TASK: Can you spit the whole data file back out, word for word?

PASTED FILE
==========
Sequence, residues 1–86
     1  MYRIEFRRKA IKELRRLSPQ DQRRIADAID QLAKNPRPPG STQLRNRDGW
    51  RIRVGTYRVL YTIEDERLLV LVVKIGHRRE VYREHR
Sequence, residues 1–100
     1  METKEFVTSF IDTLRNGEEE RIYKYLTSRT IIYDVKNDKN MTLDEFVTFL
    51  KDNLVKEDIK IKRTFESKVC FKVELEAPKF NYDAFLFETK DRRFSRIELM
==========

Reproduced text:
Sequence, residues 1–86
     1  MYRIEFRRKA IKELRRLSPQ DQRRIADAID QLAKNPRPPG STQLRNRDGW
    51  RIRVGTYRVL YTIEDERLLV LVVKIGHRRE VYREHR
Sequence, residues 1–100
     1  METKEFVTSF IDTLRNGEEE RIYKYLTSRT IIYDVKNDKN MTLDEFVTFL
    51  KDNLVKEDIK IKRTFESKVC FKVELEAPKF NYDAFLFETK DRRFSRIELM